Presenter Information

Kara Wise, University of Wyoming

Department

Department of Zoology and Physiology

First Advisor

Amy Krist

Description

In Polecat Creek, WY, located within the Greater Yellowstone Ecosystem, the invasive New Zealand mudsnail (Potamopyrgus antipodarum) was once recorded at densities of over 500,000 individuals/m². In recent years, the biomass of P. antipodarum in Polecat Creek has decreased, suggesting a “boom and bust” pattern in population density. The population reached its highest density in 2000-2001, but by 2011, it had decreased by 93%. Native net spinning caddisflies (Hydropsyche spp.) have increased significantly in biomass from 2001-2011, suggesting that the native macroinvertebrates may have increased due to release from suppression by P. antipodarum. I collected macroinvertebrate core samples in Polecat Creek to measure the density of P. antipodarum and native macroinvertebrates. I also conducted a field experiment to assess the possible mechanisms by which P. antipodarum may have suppressed Hydropsyche caddisfly larvae. I placed Hydropsyche larvae on wooden tiles within experimental chambers in Polecat Creek to colonize and build nets, then added boom and bust densities of P. antipodarum to the experimental chambers. Preliminary results show no significant difference between the number of Hydropsyche nets before the addition of P. antipodarum to chambers and after the addition of P. antipodarum at boom or bust densities in chambers. These results suggest the invasive P. antipodarum do not actively destroy caddisfly nets, but may interfere with feeding by gathering on nets, therefore reducing the amount of food Hydropsyche larvae can catch.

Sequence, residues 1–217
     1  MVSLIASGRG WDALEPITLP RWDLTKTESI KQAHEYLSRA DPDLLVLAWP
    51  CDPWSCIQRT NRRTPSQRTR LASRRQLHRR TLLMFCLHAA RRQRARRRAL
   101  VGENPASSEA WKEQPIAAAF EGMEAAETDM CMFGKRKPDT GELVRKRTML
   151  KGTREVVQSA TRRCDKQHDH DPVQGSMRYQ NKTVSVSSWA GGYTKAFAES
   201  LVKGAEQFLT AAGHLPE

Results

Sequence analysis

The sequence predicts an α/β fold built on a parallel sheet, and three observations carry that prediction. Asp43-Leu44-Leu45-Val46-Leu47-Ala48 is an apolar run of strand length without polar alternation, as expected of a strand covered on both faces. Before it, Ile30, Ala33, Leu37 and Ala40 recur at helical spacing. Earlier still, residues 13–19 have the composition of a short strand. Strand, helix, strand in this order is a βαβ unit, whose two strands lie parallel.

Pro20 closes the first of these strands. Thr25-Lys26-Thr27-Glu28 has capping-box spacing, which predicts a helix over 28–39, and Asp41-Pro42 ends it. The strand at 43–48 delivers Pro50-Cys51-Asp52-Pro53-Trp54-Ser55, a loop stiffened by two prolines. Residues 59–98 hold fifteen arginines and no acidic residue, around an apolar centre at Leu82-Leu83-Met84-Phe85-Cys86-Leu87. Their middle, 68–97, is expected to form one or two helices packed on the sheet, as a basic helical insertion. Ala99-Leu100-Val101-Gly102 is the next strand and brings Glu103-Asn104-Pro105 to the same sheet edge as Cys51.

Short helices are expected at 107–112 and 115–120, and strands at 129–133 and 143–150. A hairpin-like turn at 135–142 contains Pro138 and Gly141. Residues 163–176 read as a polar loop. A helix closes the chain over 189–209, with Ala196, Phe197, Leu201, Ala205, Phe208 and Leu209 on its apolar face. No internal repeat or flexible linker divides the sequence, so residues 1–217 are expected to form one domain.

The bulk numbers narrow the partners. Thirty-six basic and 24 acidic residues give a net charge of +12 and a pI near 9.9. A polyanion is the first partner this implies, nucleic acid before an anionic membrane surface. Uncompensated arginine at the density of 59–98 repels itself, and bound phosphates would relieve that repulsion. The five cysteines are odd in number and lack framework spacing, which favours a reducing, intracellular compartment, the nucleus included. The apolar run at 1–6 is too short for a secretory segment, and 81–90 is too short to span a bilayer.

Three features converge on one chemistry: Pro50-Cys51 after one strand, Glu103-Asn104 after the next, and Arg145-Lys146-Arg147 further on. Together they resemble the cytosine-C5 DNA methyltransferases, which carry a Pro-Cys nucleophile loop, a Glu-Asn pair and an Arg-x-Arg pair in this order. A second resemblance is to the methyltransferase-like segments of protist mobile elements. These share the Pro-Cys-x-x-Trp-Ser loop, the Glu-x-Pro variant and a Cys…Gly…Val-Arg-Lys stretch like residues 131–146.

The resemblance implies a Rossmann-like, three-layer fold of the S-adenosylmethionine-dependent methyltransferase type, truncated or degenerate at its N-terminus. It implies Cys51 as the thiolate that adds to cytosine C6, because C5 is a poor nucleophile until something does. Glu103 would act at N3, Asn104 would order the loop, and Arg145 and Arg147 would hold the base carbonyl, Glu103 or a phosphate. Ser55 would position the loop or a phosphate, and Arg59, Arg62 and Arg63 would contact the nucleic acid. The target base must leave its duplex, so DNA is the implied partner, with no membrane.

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Interactions of the invasive New Zealand Mudsnail (Potamopyrgus antipodarum) and native macroinvertebrates in Polecat Creek, WY

In Polecat Creek, WY, located within the Greater Yellowstone Ecosystem, the invasive New Zealand mudsnail (Potamopyrgus antipodarum) was once recorded at densities of over 500,000 individuals/m². In recent years, the biomass of P. antipodarum in Polecat Creek has decreased, suggesting a “boom and bust” pattern in population density. The population reached its highest density in 2000-2001, but by 2011, it had decreased by 93%. Native net spinning caddisflies (Hydropsyche spp.) have increased significantly in biomass from 2001-2011, suggesting that the native macroinvertebrates may have increased due to release from suppression by P. antipodarum. I collected macroinvertebrate core samples in Polecat Creek to measure the density of P. antipodarum and native macroinvertebrates. I also conducted a field experiment to assess the possible mechanisms by which P. antipodarum may have suppressed Hydropsyche caddisfly larvae. I placed Hydropsyche larvae on wooden tiles within experimental chambers in Polecat Creek to colonize and build nets, then added boom and bust densities of P. antipodarum to the experimental chambers. Preliminary results show no significant difference between the number of Hydropsyche nets before the addition of P. antipodarum to chambers and after the addition of P. antipodarum at boom or bust densities in chambers. These results suggest the invasive P. antipodarum do not actively destroy caddisfly nets, but may interfere with feeding by gathering on nets, therefore reducing the amount of food Hydropsyche larvae can catch.